“Alpha” stars Kodi Smit-McPhee, Leonor Varela, Jens Hultén, and Jóhannes Haukur Jóhannesson. Released on August 17, 2018, the film is about a young hunter who befriends an injured wolf while trying to find his way home.
The film is directed by Albert Hughes, who directed films like “Menace II Society”, “From Hell”, and “The Book of Eli” with Allen Hughes. Ever wonder where the term “man’s best friend” came from? You want to know how the first bond between man and canine came to be? Then look no further than the film I’ll be talking about today. Originally planned for a September 2017 release, the historical adventure drama faced several date changes to avoid getting crushed by some tough competition. Most people thought it would never see the light of day, including me, until it finally settled for a late summer release. Now that it’s here, was it worth the wait?
The story takes place during the Upper Paleolithic period, where a group of hunters struggle to survive the dangers that surround them every day and night. One day, a disastrous hunting expedition separates the young man named Keda (Smit-McPhee) from his tribe, and he now must journey across the dangerous land in order to reunite with his family. During his quest, he forms a bond with a wolf, who is also separated from its tribe. One major thing that you should know about this film is that the characters only speak in their native language with English subtitles appearing at the bottom of the screen. Think of it as an international film that’s made in the United States by a major Hollywood studio. If you prefer watching a movie without being distracted by the subtitles, this one might not be able to win you over. This is Albert Hughes’ first solo directorial effort without the assistance of his brother, Allen Hughes, and I have to say, I was really impressed at what he’s accomplished. It’s not a perfect theatrical experience, but if you’re looking for an enjoyable tale about a friendship between a man and a wolf, this one should be able to warm your heart with ease. This is a suitable example of how style and substance can come together to form a visually appealing and engaging film without relying on one thing over the other. While the film is about the bond between man and wolf, it’s also about Keda and the trials he must overcome to earn his place as leader. It’s not a strong representation of the film’s central theme, but it offered enough character depth to make me want him to succeed. Kodi Smit-McPhee delivered an amazing performance as Keda. Probably his best in his acting career so far, in my opinion. The film’s visual style has plenty of perks that were well-executed, like the cinematography and the production design. Albert Hughes didn't treat this style as some sort of a gimmick. He used it to emphasize the story he wanted to tell, which is one of the important things that filmmakers should know about when attempting to make a film that offers both style and substance. One of the issues that left me concerned is the film’s pacing. It’s not as slow as watching paint dry, but it is slow enough to put some young viewers to sleep despite some of the intense stuff that is shown in the film. I was engaged from start to finish, but the way the film moves might leave some people puzzled, especially those who wanted a fast-paced adventure. There were also some moments where the film’s use of CGI didn’t quite match well with its stunning backgrounds and its beautiful wide angles. I can understand why they went with that route for the safety of the actors, but they could at least study the CGI effects a couple more times during the editing phase.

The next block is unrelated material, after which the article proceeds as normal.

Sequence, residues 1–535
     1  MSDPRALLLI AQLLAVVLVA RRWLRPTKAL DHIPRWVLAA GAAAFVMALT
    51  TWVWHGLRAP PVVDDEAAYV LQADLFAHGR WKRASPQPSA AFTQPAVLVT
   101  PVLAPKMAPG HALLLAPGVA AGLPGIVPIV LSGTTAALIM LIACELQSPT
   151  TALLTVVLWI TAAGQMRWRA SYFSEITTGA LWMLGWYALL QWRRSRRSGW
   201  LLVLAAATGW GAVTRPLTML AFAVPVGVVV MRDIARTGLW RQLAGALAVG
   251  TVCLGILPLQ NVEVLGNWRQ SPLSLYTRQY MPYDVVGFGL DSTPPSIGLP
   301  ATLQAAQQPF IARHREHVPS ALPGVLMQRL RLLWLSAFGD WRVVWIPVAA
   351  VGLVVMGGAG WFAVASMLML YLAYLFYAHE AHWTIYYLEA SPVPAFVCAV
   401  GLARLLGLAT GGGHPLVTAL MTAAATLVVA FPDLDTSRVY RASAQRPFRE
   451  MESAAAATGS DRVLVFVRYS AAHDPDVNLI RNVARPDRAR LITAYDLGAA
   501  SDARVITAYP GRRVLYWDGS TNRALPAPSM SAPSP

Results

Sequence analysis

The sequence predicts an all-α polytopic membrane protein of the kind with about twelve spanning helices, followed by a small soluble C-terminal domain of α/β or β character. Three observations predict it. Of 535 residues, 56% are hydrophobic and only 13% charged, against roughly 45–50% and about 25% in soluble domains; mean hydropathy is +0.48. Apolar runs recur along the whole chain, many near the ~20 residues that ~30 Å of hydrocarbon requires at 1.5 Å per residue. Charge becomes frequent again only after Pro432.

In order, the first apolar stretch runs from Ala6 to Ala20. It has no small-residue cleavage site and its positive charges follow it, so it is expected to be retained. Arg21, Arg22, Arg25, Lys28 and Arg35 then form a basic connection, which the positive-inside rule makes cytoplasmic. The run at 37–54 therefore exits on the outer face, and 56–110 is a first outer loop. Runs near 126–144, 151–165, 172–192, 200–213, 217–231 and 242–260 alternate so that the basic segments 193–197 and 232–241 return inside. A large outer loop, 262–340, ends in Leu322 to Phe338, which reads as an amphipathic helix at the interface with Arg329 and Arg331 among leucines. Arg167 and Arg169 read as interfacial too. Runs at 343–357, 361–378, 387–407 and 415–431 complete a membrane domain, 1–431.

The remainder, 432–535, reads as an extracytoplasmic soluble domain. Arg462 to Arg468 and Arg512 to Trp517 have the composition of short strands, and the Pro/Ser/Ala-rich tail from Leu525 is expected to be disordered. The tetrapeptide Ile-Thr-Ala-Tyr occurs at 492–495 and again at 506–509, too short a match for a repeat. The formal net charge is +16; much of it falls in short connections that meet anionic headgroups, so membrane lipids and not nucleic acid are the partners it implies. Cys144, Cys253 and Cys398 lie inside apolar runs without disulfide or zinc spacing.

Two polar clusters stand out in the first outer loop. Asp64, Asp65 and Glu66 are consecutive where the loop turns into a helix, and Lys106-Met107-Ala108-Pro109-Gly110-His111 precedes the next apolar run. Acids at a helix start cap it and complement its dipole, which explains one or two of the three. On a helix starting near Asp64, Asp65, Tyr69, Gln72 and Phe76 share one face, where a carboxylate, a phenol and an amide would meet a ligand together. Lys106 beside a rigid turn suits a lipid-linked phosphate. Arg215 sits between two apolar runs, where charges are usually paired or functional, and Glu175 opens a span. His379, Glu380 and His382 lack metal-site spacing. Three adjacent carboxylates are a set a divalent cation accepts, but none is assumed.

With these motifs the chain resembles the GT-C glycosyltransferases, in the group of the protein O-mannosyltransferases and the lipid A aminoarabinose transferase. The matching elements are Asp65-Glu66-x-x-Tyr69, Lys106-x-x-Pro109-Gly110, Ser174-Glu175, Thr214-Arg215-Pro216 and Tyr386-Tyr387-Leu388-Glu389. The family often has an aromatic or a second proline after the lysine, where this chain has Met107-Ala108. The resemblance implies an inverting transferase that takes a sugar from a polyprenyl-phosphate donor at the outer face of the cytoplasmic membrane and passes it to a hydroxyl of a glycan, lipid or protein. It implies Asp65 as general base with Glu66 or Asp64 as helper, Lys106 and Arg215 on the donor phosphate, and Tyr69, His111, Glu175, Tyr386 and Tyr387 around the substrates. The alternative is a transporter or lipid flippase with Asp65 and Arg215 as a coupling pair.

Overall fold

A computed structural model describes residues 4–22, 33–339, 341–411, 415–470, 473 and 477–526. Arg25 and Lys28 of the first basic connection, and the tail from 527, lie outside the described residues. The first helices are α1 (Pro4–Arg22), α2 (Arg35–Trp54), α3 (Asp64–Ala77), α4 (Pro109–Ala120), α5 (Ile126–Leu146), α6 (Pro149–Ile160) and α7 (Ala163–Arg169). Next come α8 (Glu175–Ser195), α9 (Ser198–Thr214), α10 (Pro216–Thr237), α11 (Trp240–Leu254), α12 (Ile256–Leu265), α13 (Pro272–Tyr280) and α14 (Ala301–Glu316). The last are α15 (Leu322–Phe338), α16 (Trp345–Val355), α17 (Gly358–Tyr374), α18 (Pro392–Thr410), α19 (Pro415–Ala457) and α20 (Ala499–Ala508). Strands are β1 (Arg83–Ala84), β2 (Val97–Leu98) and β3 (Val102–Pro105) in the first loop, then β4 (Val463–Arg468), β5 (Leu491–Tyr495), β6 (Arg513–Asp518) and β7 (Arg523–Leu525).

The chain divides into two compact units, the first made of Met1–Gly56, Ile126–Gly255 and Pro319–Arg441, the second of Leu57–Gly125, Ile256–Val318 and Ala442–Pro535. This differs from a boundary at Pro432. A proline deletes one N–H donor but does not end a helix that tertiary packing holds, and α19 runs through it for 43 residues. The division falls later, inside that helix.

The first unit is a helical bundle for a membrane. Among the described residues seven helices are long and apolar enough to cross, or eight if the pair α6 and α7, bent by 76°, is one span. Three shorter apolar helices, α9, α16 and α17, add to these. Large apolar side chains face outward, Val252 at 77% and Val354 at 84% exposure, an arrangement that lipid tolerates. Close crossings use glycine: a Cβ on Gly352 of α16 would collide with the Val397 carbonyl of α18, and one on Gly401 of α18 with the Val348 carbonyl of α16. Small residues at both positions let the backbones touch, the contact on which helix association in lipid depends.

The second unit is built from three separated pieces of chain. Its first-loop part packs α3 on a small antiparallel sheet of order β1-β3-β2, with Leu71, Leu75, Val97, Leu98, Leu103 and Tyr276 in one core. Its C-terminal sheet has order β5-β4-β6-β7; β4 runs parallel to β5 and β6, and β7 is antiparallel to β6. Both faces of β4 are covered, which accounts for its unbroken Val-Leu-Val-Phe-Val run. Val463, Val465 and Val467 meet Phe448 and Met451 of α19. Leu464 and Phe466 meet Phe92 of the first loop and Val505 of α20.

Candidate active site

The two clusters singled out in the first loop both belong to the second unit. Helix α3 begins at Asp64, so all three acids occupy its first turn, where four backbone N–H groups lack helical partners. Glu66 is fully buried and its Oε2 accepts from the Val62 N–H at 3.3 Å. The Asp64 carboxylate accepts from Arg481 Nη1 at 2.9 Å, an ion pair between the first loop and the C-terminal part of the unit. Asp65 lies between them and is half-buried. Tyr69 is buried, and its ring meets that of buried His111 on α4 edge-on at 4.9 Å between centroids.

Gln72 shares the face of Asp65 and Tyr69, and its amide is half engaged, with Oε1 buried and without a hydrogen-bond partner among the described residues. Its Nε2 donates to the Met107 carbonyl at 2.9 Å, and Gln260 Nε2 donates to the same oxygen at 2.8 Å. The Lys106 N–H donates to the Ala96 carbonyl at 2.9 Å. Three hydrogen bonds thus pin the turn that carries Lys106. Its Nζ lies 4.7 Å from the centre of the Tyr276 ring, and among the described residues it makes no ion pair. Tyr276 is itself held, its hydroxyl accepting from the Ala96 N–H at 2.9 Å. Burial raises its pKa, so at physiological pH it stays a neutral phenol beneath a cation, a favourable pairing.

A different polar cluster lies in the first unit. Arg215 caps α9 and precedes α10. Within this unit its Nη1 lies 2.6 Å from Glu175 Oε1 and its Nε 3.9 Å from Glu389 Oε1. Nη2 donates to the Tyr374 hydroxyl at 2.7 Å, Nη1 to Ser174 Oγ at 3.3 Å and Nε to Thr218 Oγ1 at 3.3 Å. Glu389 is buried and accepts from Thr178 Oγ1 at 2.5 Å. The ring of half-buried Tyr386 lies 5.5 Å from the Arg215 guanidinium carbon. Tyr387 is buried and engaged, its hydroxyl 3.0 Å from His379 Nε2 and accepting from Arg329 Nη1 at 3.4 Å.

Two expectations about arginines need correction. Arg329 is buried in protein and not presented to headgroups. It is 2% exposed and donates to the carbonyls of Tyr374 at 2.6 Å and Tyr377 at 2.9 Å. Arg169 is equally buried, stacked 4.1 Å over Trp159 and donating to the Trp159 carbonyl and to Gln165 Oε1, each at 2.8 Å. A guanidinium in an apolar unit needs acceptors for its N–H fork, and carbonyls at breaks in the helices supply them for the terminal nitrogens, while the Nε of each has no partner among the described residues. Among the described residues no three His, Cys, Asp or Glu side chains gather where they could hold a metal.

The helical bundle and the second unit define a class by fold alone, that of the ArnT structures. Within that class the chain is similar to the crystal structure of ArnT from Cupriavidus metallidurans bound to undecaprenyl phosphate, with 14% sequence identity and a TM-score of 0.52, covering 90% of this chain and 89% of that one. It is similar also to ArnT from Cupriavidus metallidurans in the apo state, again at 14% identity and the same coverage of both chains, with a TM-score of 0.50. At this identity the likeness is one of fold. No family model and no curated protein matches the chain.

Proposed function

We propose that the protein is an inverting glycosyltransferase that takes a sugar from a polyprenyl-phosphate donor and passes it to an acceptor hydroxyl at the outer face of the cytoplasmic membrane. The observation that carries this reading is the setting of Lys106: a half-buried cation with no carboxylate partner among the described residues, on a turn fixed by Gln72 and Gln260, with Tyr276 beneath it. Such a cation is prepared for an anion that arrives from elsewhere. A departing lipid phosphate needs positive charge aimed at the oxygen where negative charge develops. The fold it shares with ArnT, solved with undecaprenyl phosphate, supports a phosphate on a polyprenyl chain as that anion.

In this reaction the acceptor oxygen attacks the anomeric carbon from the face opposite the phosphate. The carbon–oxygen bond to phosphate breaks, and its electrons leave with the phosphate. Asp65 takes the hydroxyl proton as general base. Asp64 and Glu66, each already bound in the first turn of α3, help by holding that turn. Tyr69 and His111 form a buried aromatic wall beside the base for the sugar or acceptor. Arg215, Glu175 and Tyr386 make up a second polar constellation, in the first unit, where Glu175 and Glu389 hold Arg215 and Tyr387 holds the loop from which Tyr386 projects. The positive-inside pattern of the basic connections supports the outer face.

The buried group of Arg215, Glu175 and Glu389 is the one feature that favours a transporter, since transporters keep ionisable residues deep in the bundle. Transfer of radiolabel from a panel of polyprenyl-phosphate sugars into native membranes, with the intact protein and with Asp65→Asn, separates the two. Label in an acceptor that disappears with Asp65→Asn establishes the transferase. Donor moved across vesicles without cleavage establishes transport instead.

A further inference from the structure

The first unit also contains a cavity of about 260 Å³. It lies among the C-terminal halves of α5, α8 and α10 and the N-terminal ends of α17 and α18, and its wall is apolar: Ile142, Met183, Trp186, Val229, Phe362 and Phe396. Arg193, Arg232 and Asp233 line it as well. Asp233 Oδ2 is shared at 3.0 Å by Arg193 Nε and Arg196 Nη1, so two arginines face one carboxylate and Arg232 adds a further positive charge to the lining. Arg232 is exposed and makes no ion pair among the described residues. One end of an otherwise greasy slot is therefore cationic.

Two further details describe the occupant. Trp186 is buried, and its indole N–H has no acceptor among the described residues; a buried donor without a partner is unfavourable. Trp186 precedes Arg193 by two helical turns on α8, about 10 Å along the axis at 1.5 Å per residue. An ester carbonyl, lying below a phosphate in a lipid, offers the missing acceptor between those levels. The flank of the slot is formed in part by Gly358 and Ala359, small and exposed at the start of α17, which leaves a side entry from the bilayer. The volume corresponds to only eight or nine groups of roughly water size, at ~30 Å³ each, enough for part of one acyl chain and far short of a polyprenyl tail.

Overall, “Alpha” is a visual marvel that relies on both style and substance to create a stunning portrait of history’s first bond between man and canine. While its pacing and CGI hiccups may prevent people from embarking on this perilous journey, the charming friendship between the main characters is enough to leave dog lovers howling for more. Thanks to Smit-McPhee’s captivating performance, its visual style, and its solid storytelling, the film is a gorgeous late summer surprise. If you enjoy films that involve “man’s best friend”, this is worth checking out.
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